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  • Software controlled infrared device

    Posted on February 3rd, 2019 admin No comments

    After a long silence I pushed myself to create a new article. I have many half written materials I can choose from. This time I finished my IR device story.

    In 2008 my then boss came up with an idea: End-to-End testing/monitoring of the TV services by using real set-top-boxes (STB). One of the interesting part of this project was the development of the software controlled infrared remote device. E2E mean we had to control an STB just like clients do, so a computer controlled IR had to be developed. We intended to simulate the original remote, so I had to watch-and-learn the signal it sent.

    I built a very simple infrared receiver and connected it to a logic analyser I bought for myself for hobby projects. The LED gave me feedback whether the remote pointed straight to the IR receiver.

    Infrared Sniffer

    At this point I made a decision which determines and limits how new devices can be added to the controlling software. After all signals captured from the remote I tried to decipher and understand how the data encoded in the signal. When the modulation and coding are revealed I stored only the decoded button codes and the modulation algorithm.  I assumed there are only few modulation/coding variation exist. After examining more than 30 remotes it proved to be true, only 2 modulation techniques were enough for our goals. However, this limits the way how new remotes can be added to the list. If I had decided to simply store the timing of signals, even if I had built a portable signal-receiver then adding a new remote would may have been easier.

    The two modulation techniques I encountered:

    • Manchester or Phase Encoding: Within one period the encoding of a data bit is either low-then-high or high-then-low transition.

    Manchester Encoding

    • Pulse Distance Encoding: The distance between pulses represent one or more bits. Simple versions encode only 1 bit information, but there are remotes exist where distances encode 2 or 4 bits.

    Pulse Distance Encoding of 2 bits

    There are many differences how remotes encode information beside modulation:

    • Using lead in pulses
    • Transmitting Device ID before button code
    • Encoding the button code twice: normal then inverted
    • Many different pulse widths (250-1000 us)
    • Even code length differs: 8, 16, 32 bits

    Fortunately, they all use the same carrier frequency which simplifies the SW/HW design.

    Remote Signal Example

    A remote must repeat the code when the user holds the button a little longer. For example, this helps navigation in long EPG lists. There is a huge gap between two consecutive sending. Usually between 70-100 milliseconds. I saw 3 different methods how remotes handle code repeating:

    • Simply repeating the signal
    • Set a “repeat” bit in the signal
    • Sending only a “repeat the previous code” signal

    I implemented all of these but in practice we never used it.

    The first version of the IR device was quite simple, just a simple infrared diode driven by the serial port’s DTR pin. I put everything else – the whole logic – in the software.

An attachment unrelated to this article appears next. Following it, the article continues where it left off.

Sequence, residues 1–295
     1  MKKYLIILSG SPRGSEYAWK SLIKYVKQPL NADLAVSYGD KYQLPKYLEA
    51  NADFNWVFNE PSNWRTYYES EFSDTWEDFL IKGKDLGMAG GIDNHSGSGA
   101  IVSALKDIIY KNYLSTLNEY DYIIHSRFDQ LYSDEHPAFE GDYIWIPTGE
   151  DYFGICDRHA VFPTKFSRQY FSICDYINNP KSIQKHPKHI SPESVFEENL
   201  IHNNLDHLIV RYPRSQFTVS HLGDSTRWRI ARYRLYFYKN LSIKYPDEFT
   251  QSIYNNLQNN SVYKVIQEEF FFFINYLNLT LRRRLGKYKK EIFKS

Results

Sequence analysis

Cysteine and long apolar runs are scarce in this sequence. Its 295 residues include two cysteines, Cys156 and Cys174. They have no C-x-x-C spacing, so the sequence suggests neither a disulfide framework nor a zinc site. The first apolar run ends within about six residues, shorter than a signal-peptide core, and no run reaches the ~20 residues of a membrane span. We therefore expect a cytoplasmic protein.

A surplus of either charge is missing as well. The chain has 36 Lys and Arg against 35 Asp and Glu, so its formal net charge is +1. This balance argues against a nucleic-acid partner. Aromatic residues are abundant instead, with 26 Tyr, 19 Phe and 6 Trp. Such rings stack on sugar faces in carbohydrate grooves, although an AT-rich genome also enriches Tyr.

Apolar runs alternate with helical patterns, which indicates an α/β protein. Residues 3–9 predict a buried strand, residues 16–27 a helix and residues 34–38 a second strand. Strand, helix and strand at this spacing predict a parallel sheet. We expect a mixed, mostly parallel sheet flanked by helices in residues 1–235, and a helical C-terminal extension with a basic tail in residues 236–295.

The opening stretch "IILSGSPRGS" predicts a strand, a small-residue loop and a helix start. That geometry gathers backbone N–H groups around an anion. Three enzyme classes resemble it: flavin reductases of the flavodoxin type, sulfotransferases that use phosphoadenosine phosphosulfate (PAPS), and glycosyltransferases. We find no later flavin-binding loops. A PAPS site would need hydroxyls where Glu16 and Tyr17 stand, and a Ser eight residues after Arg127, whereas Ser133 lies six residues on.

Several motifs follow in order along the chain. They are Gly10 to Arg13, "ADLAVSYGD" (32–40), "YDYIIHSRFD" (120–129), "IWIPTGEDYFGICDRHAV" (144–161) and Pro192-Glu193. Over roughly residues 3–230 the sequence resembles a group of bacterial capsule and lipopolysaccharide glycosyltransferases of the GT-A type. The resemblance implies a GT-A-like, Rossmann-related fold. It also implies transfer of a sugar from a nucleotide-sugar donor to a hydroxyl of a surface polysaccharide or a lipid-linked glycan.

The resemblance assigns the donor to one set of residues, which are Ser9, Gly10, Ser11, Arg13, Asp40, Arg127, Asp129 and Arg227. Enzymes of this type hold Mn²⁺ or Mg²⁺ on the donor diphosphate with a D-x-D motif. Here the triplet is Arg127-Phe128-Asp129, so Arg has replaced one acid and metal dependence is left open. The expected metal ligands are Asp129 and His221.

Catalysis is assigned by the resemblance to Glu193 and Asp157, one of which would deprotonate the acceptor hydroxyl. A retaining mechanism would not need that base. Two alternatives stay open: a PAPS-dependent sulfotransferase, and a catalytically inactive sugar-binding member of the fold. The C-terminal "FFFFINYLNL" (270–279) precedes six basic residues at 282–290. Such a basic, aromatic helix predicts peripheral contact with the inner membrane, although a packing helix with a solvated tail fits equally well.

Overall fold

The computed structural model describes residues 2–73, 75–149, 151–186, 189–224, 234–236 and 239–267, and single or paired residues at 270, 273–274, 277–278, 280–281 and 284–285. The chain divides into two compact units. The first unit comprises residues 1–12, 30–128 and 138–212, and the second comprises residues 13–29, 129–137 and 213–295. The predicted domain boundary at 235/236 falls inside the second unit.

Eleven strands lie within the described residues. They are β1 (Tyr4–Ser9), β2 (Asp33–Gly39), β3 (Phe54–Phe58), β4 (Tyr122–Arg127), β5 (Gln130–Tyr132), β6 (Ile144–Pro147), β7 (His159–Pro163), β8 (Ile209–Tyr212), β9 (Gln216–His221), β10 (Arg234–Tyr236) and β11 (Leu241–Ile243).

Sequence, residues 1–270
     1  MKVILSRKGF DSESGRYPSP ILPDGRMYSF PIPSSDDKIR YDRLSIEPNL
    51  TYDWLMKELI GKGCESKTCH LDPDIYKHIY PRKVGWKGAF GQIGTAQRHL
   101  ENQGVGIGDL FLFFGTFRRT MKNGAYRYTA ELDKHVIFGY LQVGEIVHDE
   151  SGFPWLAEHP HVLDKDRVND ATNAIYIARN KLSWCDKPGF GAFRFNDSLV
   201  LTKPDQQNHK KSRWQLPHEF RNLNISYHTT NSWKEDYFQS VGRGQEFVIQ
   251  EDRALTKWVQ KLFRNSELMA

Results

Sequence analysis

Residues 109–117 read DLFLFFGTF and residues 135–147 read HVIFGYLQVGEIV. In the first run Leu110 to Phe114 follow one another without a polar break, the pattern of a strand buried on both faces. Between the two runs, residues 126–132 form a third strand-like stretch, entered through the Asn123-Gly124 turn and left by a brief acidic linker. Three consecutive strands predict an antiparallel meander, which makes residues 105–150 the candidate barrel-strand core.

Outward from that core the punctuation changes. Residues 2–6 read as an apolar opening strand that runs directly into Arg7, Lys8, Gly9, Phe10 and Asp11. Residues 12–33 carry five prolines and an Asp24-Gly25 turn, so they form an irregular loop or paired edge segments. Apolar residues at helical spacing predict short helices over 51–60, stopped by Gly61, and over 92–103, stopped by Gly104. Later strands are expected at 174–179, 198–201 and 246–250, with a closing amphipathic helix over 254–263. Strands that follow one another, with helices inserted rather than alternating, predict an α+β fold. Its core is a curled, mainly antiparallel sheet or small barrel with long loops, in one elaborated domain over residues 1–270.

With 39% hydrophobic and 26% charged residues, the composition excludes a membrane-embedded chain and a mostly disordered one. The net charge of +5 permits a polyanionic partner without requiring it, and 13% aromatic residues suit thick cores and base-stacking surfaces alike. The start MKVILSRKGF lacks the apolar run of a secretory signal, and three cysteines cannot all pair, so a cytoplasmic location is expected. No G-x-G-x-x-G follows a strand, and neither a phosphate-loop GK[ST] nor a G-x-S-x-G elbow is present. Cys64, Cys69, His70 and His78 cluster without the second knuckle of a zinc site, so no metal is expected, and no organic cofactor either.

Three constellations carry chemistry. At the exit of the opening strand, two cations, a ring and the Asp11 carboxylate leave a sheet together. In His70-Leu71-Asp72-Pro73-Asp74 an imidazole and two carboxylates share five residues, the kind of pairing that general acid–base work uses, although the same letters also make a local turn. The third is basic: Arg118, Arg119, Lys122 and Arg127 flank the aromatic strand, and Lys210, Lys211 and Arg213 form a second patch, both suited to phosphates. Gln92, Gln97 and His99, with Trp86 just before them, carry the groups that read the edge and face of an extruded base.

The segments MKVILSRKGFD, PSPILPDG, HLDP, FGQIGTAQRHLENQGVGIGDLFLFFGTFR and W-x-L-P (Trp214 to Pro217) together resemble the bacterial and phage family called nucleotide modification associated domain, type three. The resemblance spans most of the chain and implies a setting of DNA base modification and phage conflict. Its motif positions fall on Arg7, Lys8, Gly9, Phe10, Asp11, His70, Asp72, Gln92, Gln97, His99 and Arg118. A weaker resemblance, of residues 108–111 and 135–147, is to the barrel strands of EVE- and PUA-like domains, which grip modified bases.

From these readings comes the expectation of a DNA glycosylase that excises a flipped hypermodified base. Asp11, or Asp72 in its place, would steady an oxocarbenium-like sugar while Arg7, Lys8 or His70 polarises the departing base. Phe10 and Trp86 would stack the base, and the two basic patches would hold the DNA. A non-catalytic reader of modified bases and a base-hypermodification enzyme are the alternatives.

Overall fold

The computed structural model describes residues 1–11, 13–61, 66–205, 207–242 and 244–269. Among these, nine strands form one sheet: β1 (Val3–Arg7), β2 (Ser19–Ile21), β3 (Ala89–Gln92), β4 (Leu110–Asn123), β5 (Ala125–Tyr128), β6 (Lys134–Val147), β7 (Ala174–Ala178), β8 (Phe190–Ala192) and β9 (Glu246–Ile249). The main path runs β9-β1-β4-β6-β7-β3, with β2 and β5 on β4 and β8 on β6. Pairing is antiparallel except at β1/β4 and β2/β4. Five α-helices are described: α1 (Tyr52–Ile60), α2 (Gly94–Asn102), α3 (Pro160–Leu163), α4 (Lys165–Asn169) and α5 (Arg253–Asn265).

Simple IR transmitter

    The solution proved to be unreliable. The problem came from the fact a constant 36-38 kHz carrier frequency of the IR signal cannot be reliably produced by software. This would require a precise 25 us timing in a user-space program. At this point I have to remark we were using Windows XP and cheap desktop PCs at that time. Since Windows is a preemptive multitasking operating system it “randomly” (from the perspective of a user-space program) interrupts the currently executing thread which spoils the accuracy of high-resolution timing. On high load the accuracy even worse. There are background tasks that can be unpredictably cause high load for a very short period of time. In other words: I need synchronous operation on an asynchron system. I tried to prevent timing problems with several ideas:

    • The whole signal is precalculated before sending, so transmitting the signal is just a simple loop.
    • Using the QueryPerformanceCounter function to achieve maximum accuracy.
    • Raising the thread priority class to the maximum (realtime) during sending the signal.

    Despite these efforts there were cases where the IR signal was malformed. A small glitch in the signal can change the meaning of the decoded data which in turn cause a different function invoked on the STB. For example, we observed sometimes the software started recording of a TV programme instead of switching to a different channel. This cannot be accepted from a monitoring software. Unfortunately, there is no error detection and error correction implemented in many IR remote devices.

    We had no other choice, the signal must be created in hardware. We were searching the internet for a readily available IR device but found nothing. I offered help to create the hardware. However, there was no official support for the project so I made the prototype at home at my expense. I love creating and see my idea working, so I was not worried about the costs.